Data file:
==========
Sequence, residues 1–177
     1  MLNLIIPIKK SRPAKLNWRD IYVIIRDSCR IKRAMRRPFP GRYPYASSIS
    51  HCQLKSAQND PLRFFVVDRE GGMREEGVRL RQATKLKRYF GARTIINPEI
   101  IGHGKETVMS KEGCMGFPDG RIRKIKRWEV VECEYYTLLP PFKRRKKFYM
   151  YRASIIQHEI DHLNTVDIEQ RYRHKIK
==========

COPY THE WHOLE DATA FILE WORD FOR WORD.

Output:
Sequence, residues 1–177
     1  MLNLIIPIKK SRPAKLNWRD IYVIIRDSCR IKRAMRRPFP GRYPYASSIS
    51  HCQLKSAQND PLRFFVVDRE GGMREEGVRL RQATKLKRYF GARTIINPEI
   101  IGHGKETVMS KEGCMGFPDG RIRKIKRWEV VECEYYTLLP PFKRRKKFYM
   151  YRASIIQHEI DHLNTVDIEQ RYRHKIK